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Congenital Hypothyroidism with Goiter occurs in newborn puppies, kittens, goats, and lambs.  Thanks to MSU and Dr. Fyfe it is is well studied in dogs.

 

  

 

 

 

CHG 3: Congenital Hypothyroidism with Goiter

John C. Fyfe, D.V.M., Ph.D.

Part 3 of 4, exclusive 2014 interview plus 2019 Update

 

Dr. Fyfe and MSU announce canine DNA-based carrier test for deadly Congenital Hypothyroidism with Goiter which can occur in newborn puppies.

 

Congenital Hypothyroidism With Goiter is a "thyroid problem" but is unlike idiopathic, dietary, or environmentally induced thyroid hormone imbalance. If you suspect puppy loss due to CHG, have your veterinarian submit samples to Dr. John Fyfe at Michigan State University (info below). If you missed important background and CHG disease information, go to Part 1 - CHG Introduction and Part 2 - About Congenital Hypothyroidism with Goiter (CHG).

 

Genetic Basis and Cause for CHGGG

 

Dr. John C. Fyfe - In a cooperative effort of breeders, veterinarians, and a canine genetics researcher at the Michigan State University College of Veterinary Medicine, the genetic basis of congenital hypothyroidism with goiter (CHG) in Toy Fox Terriers (TFT) has been discovered, and a DNA-based carrier test is now available. Thyroid hormone is essential for normal development and metabolism in dogs, especially in the rapid growth period that puppies experience. Pups affected with CHG are abnormal from just a few days of age. They do not move around as much as normal pups, and the head may appear large in comparison to the body. Most have died or were euthanized by 3 weeks of age. If nursing care is given and they survive as long as 3 weeks, the eyes do not open, the ear canals remain very small, and the hair coat is abnormally bristly. By the second week of age, a swelling on the underside of the neck can be felt and continues to enlarge with time. The swelling may be mistaken for lymph nodes in making an incorrect diagnosis of puppy strangles. Delay in lengthening of bones in the legs, spine, and face causes dwarfism. Most all abnormalities are alleviated by early diagnosis and daily oral administration of thyroid hormone medication, but this does not stop the goiter from continuing to enlarge and constricting the airway. Even treated, this is a disfiguring disorder. Many TFT breeders have been aware for years that pups as described above have been born occasionally, but until recently few have received a correct diagnosis or indication that the disorder was inherited. Affected puppies have occurred in breeding programs across the United States of America and in New Zealand.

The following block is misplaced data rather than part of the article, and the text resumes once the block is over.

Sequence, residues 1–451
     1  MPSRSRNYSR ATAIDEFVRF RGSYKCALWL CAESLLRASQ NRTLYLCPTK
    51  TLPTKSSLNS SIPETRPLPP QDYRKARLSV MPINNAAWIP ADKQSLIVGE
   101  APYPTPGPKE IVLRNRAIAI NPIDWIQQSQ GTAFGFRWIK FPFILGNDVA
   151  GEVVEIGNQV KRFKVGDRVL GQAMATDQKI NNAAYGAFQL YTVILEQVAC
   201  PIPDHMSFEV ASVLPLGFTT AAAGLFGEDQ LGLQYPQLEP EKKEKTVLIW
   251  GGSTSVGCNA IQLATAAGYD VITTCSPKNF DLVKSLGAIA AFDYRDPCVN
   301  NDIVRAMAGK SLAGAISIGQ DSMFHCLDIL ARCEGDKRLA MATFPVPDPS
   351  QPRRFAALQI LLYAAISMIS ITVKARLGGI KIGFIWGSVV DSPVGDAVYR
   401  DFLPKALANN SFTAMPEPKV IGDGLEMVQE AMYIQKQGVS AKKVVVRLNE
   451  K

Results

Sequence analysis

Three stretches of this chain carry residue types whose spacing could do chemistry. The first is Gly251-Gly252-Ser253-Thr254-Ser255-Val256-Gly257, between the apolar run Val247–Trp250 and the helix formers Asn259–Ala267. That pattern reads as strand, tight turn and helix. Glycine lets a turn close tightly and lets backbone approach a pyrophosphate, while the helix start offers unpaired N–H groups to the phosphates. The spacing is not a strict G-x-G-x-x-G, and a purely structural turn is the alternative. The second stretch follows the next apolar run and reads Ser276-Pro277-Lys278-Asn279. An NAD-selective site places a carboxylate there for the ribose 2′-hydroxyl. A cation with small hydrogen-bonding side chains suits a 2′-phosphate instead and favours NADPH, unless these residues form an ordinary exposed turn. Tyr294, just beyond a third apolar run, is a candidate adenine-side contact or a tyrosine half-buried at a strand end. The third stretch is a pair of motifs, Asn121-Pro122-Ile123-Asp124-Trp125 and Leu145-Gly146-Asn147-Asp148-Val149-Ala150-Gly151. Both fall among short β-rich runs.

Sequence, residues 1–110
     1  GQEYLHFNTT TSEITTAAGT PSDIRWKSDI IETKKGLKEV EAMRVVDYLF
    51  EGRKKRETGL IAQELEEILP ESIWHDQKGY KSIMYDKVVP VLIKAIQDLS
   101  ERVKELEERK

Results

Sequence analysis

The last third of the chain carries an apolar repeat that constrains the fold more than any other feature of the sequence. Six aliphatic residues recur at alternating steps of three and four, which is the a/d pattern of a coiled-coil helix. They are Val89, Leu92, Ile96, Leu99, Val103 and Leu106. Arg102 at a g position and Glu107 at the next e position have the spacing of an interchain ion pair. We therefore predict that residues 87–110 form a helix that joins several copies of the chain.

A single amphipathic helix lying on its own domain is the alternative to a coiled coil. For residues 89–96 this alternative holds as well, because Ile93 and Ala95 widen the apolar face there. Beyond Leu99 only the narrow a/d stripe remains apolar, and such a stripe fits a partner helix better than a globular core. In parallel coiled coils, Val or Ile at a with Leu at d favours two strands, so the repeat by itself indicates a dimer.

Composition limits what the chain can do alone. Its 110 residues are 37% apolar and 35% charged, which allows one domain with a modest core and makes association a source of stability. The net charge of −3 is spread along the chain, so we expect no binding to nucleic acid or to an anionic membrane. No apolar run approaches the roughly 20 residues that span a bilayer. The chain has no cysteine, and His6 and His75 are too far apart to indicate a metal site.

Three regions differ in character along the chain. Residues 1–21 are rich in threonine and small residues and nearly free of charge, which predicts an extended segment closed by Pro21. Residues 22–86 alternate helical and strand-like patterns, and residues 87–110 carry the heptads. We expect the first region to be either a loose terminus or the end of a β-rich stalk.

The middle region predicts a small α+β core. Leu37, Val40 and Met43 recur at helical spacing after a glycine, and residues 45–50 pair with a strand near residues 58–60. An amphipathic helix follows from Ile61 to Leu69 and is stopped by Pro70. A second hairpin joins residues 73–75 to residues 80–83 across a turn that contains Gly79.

Before you speculate, the case(s) referenced in other veterinary sources has never been confirmed. CHG has however been confirmed in other breeds and even other species including cats.

 

Recent studies have demonstrated that the disorder is inherited as a simple autosomal recessive trait. For a puppy to have CHG, it must received the mutated copy (allele) of the disease gene from both parents, and male and female puppies are equally affected. The parents of affected pups show no outward signs of disease, but they are obligate carriers, by definition. In a breeding program, both male and female carriers will pass on their mutant alleles to 50% of all their offspring, on average. When two carriers are inadvertently mated, on average 25% of the puppies will have CHG. That means that in litters from such matings, there may be some combination of CHG and normal pups, all CHG puppies, or all normal puppies. Unidentified carriers in breeding programs continue to spread the mutant allele throughout the TFT breed.

 

This test is offered to TFT breeders through the Laboratory of Comparative Medical Genetics at Michigan State University in hopes that it will be used to eliminate CHG from TFT breeding programs. Testing results are given only to the person submitting the dog’s sample and are kept strictly confidential. For instructions on submitting samples, please point your internet browser to

 

Contact Dr. John C. Fyfe by email or at the address below.

John C. Fyfe, D.V.M., Ph.D.

Laboratory of Comparative Medical Genetics

2209 Biomedical Physical Sciences

567 Wilson Road

Michigan State University

East Lansing, MI 48824

Phone: (517) 884-5348    About John Fyfe, DVM, PhD

We are trying to determine If any study data was released to the Toy Fox Terrier Club or to OFA.  If you KNOW of a Toy Fox Terrier litter that contained congenital hypothyroidism with goiter (CHG) we ask you to email the editor.  If you request anonymity, we will respect your wishes.  The numerical results of this new 2019 survey will be reported here and to the Toy Fox Terrier Club Of America.

 

If you know of a breed club that keeps CHG records, email Editor and we will contact them.

Copyright TheDogPlace.org 124g1411R191 http://www.thedogplace.org/GENETICS/CHG-3-Congenital-Hypothyroidism-genetic-basis-Fyfe-DVM.asp

 

You are at Part 3, for complete information see

Part 1 CHG Introduction  -  2 About Congenital Hypothyroid and 4 CHG-4 Testing Cost, by Dr. Fyfe

 

and have your veterinarian to report any confirmed occurrence of Congenital Hypothyroidism With Goiter (CHG) directly to Dr. John Fyfe at MSU.

 

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